An insight into creating a knowledge inventory

Firms that leverage the know-how within their organisation will win out

Fergal O’Brien, director of Limerick-based start-up ASSK Knowledge Analytics. Photograph: Alan Place

Fergal O’Brien, director of Limerick-based start-up ASSK Knowledge Analytics. Photograph: Alan Place

 

Tacit knowledge is difficult to explain but it is like a reservoir of known but untaught knowledge amassed by doing, sharing and observing. Managed properly, it can give companies a big competitive advantage. But there’s the rub. Organisations often struggle to leverage their tacit knowledge, according to Fergal O’Brien, director of Limerick-based start-up ASSK Knowledge Analytics.

 “We often ask the question does your organisation know what it knows?” O’Brien says. “It is estimated that more than 70 per cent of knowledge in organisations is tacit. It is a key source of competitiveness but also one of the most difficult types of knowledge to manage effectively to drive improvement, optimise talent and enhance organisational effectiveness.”

 Work on what has now become the company’s first commercial product, the Knowledge Insights Inventory (KII), started back in 2010 when Prof Eamonn Murphy of the University of Limerick (UL) began research into how to assess an organisation’s tacit knowledge readiness.

 “The first step involves understanding an organisation’s current position and the KII measures how well employees and organisations share, seek, capture and access tacit knowledge,” says O’Brien. “How employees view their organisation, their motivations and their attitudes are key. By developing the KII we gained real insight into the issues companies faced such as under-utilised and not-fit-for-purpose knowledge management systems, knowledge leakage through staff turnover and retirement, a poor learning climate and trust barriers to knowledge exchange.”

Key drivers

O’Brien says that while many organisations opt for technology solutions to manage knowledge, they often fall short. “We are frequently told that ‘we have a knowledge system in place’ so that’s fine,” he says. “However, we have also come across many companies whose employees were not even aware that a knowledge management system existed or else they found it less than user friendly or of little value in their day-to-day work.

 “The key drivers of tacit knowledge readiness are individual and organisational factors and the day-to-day interactions experienced by employees around sharing and capturing behaviours. An organisation can facilitate this by creating the right climate or culture,” O’Brien adds. “ASSK adds value by identifying what individual and organisational factors are problematic and then providing appropriate interventions. Knowledge management systems certainly have their place, but our research shows that that know-how, know-who and know-when can facilitate knowledge exchange more effectively than complex and often unpopular technology solutions.”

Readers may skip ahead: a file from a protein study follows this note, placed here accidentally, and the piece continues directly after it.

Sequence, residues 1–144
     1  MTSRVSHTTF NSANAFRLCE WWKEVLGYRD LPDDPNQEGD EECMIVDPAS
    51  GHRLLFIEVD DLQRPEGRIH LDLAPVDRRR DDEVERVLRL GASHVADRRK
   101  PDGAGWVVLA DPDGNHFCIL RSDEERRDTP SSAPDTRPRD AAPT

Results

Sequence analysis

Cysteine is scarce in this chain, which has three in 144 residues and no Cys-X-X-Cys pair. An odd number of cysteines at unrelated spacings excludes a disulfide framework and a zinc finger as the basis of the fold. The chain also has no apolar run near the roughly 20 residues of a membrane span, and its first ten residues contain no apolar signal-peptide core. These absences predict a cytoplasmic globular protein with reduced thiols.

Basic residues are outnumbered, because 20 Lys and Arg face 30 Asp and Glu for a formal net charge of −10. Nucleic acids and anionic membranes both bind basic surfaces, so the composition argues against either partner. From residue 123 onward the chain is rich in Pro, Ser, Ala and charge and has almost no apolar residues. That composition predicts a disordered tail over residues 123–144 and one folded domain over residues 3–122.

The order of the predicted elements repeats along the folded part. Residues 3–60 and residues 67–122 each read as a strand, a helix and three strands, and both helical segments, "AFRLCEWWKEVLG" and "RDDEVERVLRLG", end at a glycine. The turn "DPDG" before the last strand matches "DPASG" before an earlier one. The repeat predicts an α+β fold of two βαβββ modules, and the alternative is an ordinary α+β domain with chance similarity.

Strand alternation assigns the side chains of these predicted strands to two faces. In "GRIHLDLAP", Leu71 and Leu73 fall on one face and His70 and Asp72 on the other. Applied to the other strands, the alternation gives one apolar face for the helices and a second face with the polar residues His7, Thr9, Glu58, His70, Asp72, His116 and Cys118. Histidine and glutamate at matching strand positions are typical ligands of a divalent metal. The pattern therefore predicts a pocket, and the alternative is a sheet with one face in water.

ASSK Knowledge Analytics was set up in 2016 and is run day to day by O’Brien who is also a lecturer in finance and assistant dean of postgraduate studies at the Kemmy Business School at UL. The company employs four people and has clients in the pharmaceutical, manufacturing, financial services, healthcare and not-for-profit sectors. It has cost roughly €250,000 to commercialise the research and the spinout has been supported by Enterprise Ireland and the University of Limerick.

Head count

The company, which is already revenue generating, will make its money in two ways. It will charge companies to use its KII, normally on a sliding scale depending on head count, and it will earn fees for follow-up consultancy to address the problems identified. The KII can be applied globally and O’Brien says the product will just get better and better as more companies are surveyed and the volume of benchmarking data collected multiplies. Many companies conduct employee engagement surveys every year. O’Brien would like organisations to start using the KII with the same regularity.

 “A number of our clients were our partners during the product’s development and our aim now is to grow through these connections and also through HR networks. We believe there is no direct competitor to the Knowledge Insights Inventory and while you could argue that we are competing with technology providers in this space we see it very differently. We are about diagnosing individual behavioural and organisational issues that affect tacit knowledge exchange and not everything can be codified.”

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